Hospitality For Heroes x Carousel: feeding frontline workers

Hospitality For Heroes x Carousel: #FeedTheNHS

by Lucy Golding 04 May 2020

Lucy Golding joins the team of volunteers at Marylebone restaurant Carousel, prepping, cooking, packing and delivering meals for the NHS via new charity Hospitality For Heroes.

Lucy is a south London-based former news reporter turned food and drink publicist and writer.

Lucy is a south London-based former news reporter turned food and drink publicist and writer.

It’s week six of lockdown, and in Marylebone chef Ollie Templeton is back in the Carousel kitchen. Sporting a paisley headband, slogan t-shirt and ankle-length slacks with rolled-up socks, the restaurant’s co-founder and executive chef resembles a culinary indie superhero. It’s a strong and wholly appropriate look, especially considering Carousel’s latest incarnation; a flourishing epicentre producing NHS meals, fuelled by a playlist good enough for Coachella.

A typical day starts at ten, at which time the restaurant fills up with a dozen or so excited volunteers in their twenties and thirties. Masked-up and poised two metres apart, they peruse a sea of fresh faces, a welcome change from the housemates, parents, partners or pets they have been confined to quarantine with since what feels like forever.

Some have walked from as far as Camberwell to be there, others have endured a lengthy cycle or even risked public transport. The majority are furloughed and, before the pandemic, thrived in sectors such as events and communications. Some are students left twiddling their thumbs or sent packing from a year abroad. A handful are professional chefs, from the likes of XU and The Quality Chop House.

Working alongside Ollie is head chef Mark Tuttiett, who eagerly prepares the room distributing aprons, gloves, chopping boards and knives, pouring out cups of coffee to those still struggling with their lockdown body clocks. In the pre-corona world, a typical week for Ollie and Mark would involve cooking alongside one of a multitude of leading international chefs, who are invited to take over the Carousel kitchen for a five- or ten-night residency. Now furloughed themselves, and as the Carousel concept faces its own set of future challenges, the disruption has yet to encroach on the pair’s incessant energy and drive, nor the all-round good vibes the restaurant has become so widely loved for since it opened five years ago.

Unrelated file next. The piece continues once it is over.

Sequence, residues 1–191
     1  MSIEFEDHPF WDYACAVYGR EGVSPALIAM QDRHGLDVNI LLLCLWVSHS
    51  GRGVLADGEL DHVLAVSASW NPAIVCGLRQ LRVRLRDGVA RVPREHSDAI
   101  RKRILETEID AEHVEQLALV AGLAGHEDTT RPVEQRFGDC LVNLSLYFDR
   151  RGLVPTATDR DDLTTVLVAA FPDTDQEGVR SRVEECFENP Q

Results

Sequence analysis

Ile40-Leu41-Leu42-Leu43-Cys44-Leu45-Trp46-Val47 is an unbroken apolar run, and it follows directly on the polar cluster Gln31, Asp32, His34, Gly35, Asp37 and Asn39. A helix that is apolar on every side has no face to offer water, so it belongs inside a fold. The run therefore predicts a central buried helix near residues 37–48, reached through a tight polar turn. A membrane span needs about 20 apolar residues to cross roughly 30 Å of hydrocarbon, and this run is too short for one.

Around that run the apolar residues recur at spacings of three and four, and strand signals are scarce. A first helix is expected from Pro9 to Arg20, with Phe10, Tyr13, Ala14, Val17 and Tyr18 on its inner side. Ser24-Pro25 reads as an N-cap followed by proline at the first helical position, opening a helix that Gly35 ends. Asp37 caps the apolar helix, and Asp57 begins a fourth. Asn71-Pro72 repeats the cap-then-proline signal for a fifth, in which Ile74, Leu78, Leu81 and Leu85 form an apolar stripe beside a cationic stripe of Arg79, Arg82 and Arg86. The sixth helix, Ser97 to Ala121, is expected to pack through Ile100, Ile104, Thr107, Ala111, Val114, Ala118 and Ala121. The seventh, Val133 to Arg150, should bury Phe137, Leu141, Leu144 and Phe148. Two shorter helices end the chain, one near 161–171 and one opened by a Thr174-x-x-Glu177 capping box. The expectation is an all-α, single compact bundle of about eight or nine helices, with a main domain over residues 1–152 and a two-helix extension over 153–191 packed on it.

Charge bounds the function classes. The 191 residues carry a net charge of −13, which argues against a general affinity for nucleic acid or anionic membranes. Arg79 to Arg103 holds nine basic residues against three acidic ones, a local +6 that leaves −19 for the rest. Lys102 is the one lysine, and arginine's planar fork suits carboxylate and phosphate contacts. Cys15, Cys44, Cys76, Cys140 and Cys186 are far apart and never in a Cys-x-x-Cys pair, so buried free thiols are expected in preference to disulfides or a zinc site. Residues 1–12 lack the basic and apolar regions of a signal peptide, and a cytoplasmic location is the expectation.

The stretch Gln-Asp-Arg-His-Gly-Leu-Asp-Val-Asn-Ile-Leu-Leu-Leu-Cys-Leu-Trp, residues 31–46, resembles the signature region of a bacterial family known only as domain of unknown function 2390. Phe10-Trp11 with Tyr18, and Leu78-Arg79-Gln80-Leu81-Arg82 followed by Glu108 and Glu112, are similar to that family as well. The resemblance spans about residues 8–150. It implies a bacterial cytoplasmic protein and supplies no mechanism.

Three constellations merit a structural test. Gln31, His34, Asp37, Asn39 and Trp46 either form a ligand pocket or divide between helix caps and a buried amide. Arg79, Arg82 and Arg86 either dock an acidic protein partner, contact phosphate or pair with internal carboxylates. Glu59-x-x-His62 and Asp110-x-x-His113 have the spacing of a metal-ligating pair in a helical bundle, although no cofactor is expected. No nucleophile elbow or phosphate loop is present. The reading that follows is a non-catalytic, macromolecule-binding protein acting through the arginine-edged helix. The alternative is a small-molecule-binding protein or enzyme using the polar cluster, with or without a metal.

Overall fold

Itching to get back behind the stove, Ollie and Mark jumped at the opportunity to cater for the capital’s health workers, which presented itself through not-for-profit initiative Hospitality for Heroes, just after lockdown began. Now in week five of meal production, Carousel is proud to be cooking for 300 NHS staff a week, with dishes distributed amongst three London hospitals.

Mark Tuttiett (left) and Ollie Templeton (right) normally work with chefs from around the globe at Carousel – but now they're putting their efforts into feeding NHS workers
Rather than doling out quick, simple dishes, Mark, Ollie and a team of volunteers keep things interesting, diverse and delicious with restaurant-quality dishes

Carousel is one of ten restaurants who signed up to the Hospitality For Heroes scheme in the capital, joining the likes of The Harwood Arms, Spring, Restaurant Gordon Ramsay and The Lighterman, all of which are offering their time, teams and kitchens to fuel the frontlines.

Since its inception on 29 March, Hospitality for Heroes has facilitated the production and delivery of an astonishing 23,000 meals across ten London hospitals, with production targets increasing week-on-week.

More than seventy miles away in the Cotswolds, following an early morning dog walk and breakfast with his wife and two young stepchildren, thirty-four-year-old charity founder and digital marketing entrepreneur Oli Coles is working fifteen-hour days to make it all happen.

One-half of web strategists LevyColes and on the brink of launching a second business before the pandemic struck (an app for accessing private members’ clubs across the globe), Oli’s business visions were abruptly side-lined, along with the UK’s restaurant and lifestyle industries. Following a series of panicked calls from his hospitality clients, whilst simultaneously becoming aware of various shortcomings in terms of how charitable food donations were reaching the NHS, Hospitality for Heroes was born.

Oli Coles founded Hospitality For Heroes after devising a better way to organise food donations to the NHS
NHS workers have been sending images of their dishes to Hospitality For Heroes as a way of saying thanks

‘Independent food companies were turning up to hospitals at lunchtimes with pizzas and a lot were going to waste,’ says Oli, who runs the charity alongside head of fundraising Amelia Wix and seven part-time volunteers. ‘A lot of the food being donated also wasn’t hugely healthy. At the beginning of lockdown, when produce in supermarkets was scarce, hospital workers were finishing their shifts totally exhausted, and there was a major lack of good quality, nutritious food available to them. I thought about the number of professional chefs currently not able to work and the fact their kitchens are currently lying empty – not to mention how many people are on furlough right now and looking for something worthwhile to be getting involved with. It all stemmed from there really.’